Judge Posner was concerned that the government’s view of what counts as harboring sweeps lots and lots of conduct into the criminal law. In perhaps the most awkward – yet at the same time still awesome – sentence he’s ever written, Judge Posner asks:
is it likely that Congress intended that parents whose child invites an immigrant classmate who, as they know, is illegally in the country to a sleepover might be branded as criminals even if he didn’t accept the invitation, since the statute criminalizes attempts?
The court of appeals also points out the absurd consequences of the government’s statutory interpretation,
an illegal alien becomes a criminal by having a wife, also an illegal alien, living with him in the United States; if they have children, born abroad and hence illegal aliens also, living with them, then each parent has several counts of criminal harboring, on the government’s interpretation of the statute.
Judge Posner Doesn’t Trust The Government
The government tells us not to worry: we judges can rely on prosecutors to avoid bringing cases at the outer margin of the government’s sweeping definition of “harboring.” But this case is at the outer margin. No doubt it was brought because the Justice Department suspects that the defendant was involved in her boyfriend’s drug dealings, but cannot prove it, so the Department reaches into its deep arsenal (the 4000-plus federal crimes) and finds a crime that she doubtless never heard of that it can pin on her. She was sentenced only to probation and to pay a fine but now has a felony record that will dog her for the rest of her life if she loses this appeal.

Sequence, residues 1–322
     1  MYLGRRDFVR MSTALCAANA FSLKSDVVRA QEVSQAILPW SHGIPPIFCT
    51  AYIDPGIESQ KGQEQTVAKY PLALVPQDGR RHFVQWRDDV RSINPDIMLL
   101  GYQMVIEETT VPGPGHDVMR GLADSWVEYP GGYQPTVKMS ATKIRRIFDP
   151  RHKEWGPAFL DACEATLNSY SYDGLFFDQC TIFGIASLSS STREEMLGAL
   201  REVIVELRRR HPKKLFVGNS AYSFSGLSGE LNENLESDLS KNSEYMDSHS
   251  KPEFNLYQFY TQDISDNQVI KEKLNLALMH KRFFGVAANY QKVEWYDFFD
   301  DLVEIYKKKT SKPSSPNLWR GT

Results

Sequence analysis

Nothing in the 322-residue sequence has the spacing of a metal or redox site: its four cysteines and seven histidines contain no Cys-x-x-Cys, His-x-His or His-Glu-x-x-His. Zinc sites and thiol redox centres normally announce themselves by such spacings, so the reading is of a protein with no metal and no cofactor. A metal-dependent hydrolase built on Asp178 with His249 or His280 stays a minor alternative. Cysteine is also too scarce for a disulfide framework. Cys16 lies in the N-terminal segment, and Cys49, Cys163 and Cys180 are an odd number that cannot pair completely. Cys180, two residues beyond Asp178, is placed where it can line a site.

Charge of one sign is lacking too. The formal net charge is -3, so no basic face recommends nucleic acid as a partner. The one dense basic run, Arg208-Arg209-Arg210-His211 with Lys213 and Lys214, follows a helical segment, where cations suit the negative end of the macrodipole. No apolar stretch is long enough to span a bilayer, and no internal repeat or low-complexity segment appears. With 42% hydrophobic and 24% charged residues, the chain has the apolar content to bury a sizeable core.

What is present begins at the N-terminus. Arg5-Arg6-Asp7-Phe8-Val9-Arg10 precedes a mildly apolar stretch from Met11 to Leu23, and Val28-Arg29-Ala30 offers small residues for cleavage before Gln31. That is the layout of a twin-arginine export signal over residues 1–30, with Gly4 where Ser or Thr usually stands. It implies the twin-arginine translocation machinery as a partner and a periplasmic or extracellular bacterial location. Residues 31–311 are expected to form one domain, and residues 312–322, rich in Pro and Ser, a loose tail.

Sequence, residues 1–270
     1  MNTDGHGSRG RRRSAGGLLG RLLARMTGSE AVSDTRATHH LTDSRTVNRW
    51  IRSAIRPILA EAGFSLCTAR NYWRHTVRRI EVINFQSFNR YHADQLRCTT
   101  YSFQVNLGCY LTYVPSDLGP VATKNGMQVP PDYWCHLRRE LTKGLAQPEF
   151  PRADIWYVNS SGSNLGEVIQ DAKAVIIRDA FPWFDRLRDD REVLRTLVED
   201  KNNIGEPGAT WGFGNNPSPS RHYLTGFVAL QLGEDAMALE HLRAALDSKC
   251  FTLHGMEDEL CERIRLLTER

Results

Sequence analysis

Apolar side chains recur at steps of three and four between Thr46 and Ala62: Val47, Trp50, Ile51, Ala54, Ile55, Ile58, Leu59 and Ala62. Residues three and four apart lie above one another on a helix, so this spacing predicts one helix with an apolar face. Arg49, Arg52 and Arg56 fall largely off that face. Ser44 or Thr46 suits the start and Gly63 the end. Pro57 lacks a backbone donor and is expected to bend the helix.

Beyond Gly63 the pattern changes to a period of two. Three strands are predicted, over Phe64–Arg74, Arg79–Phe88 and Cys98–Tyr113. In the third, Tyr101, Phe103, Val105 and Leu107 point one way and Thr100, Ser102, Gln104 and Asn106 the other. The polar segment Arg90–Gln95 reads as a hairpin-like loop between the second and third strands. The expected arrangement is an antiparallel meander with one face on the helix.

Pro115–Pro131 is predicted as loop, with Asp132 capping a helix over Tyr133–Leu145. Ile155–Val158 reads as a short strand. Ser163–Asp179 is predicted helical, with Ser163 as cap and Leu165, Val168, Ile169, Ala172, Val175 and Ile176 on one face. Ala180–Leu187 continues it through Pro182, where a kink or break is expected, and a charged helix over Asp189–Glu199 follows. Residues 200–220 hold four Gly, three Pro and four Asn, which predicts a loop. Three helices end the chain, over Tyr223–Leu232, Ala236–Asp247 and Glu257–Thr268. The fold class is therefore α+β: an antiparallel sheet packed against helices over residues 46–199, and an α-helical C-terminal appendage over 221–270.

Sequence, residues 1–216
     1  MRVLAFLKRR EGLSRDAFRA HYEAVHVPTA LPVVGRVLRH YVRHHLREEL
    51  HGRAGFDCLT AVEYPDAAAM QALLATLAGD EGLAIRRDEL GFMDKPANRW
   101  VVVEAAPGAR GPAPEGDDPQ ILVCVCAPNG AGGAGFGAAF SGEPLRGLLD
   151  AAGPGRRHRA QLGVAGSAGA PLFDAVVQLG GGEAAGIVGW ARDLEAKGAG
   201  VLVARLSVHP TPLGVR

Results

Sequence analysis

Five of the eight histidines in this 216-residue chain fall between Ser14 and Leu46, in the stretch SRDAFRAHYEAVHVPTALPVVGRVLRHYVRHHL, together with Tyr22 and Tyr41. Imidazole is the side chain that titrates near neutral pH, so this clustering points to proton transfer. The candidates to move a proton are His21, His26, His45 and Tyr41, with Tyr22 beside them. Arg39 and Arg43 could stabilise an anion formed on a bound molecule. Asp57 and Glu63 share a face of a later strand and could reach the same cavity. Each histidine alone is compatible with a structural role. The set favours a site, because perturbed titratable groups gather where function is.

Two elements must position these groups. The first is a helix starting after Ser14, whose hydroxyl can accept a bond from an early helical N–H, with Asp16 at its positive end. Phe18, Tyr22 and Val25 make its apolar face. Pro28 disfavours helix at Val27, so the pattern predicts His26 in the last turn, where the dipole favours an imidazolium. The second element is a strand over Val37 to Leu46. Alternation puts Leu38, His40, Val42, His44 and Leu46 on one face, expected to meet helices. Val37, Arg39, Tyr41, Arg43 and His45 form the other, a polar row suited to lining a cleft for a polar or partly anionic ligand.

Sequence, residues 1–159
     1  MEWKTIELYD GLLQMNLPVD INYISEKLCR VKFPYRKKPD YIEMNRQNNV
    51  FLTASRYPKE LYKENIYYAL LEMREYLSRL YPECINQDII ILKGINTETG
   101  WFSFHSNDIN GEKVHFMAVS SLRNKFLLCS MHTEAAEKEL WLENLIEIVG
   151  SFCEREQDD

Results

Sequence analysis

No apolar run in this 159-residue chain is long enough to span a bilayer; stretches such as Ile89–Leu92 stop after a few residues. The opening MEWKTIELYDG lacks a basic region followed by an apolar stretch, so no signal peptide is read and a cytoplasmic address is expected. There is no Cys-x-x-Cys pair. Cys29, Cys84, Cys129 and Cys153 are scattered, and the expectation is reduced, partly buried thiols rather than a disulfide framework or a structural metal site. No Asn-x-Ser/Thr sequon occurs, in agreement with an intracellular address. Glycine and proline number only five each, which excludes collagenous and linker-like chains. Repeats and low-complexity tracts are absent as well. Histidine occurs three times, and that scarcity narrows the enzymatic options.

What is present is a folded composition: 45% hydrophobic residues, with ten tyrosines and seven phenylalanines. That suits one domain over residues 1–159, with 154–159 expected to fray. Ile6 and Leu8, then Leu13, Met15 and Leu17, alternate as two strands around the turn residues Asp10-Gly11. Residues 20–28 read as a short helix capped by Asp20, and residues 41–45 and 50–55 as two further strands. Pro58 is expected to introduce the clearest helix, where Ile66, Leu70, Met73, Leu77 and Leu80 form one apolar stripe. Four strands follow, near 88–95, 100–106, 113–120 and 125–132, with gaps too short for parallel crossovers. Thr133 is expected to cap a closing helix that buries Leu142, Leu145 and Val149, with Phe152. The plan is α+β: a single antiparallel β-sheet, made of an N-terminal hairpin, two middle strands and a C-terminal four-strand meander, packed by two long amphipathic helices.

Down with the Dictionary
In perhaps my favorite section of the opinion (though there are many) Judge Posner criticizes the government’s use of the dictionary –
“Dictionary definitions are acontextual, whereas the meaning of sentences depends critically on context, including all sorts of background understandings A sign in a park that says “Keep off the grass” is not properly interpreted to forbid the grounds crew to cut the grass.
To try to learn how “harboring” is normally used, Judge Posner turned to Google:
a search based on the supposition that the number of hits per term is a rough index of the frequency of its use–reveals the following:
“harboring fugitives”: 50,800 hits “harboring enemies”: 4,730 hits “harboring refugees”: 4,820 hits “harboring victims”: 114 hits “harboring flood victims”: 0 hits “harboring victims of disasters”: 0 hits “harboring victims of persecution”: 0 hits “harboring guests”: 184 hits “harboring friends”: 256 hits (but some involve harboring Quakers–“Friends,” viewed in colonial New England as dangerous heretics)
“harboring Quakers”: 3,870 hits “harboring Jews”: 19,100 hits
It is apparent from these results that “harboring,” as the word is actually used, has a connotation–which “sheltering,” and a fortiori “giving a person a place to stay”–does not, of deliberately safeguarding members of a specified group from the authorities, whether through concealment, movement to a safe location, or physical protection.
Because Ms. Costello was not keeping her boyfriend from the authorities – rather she was just keeping him to herself – she was not harboring. She was merely entertaining.
And entertaining an alien is not against the law.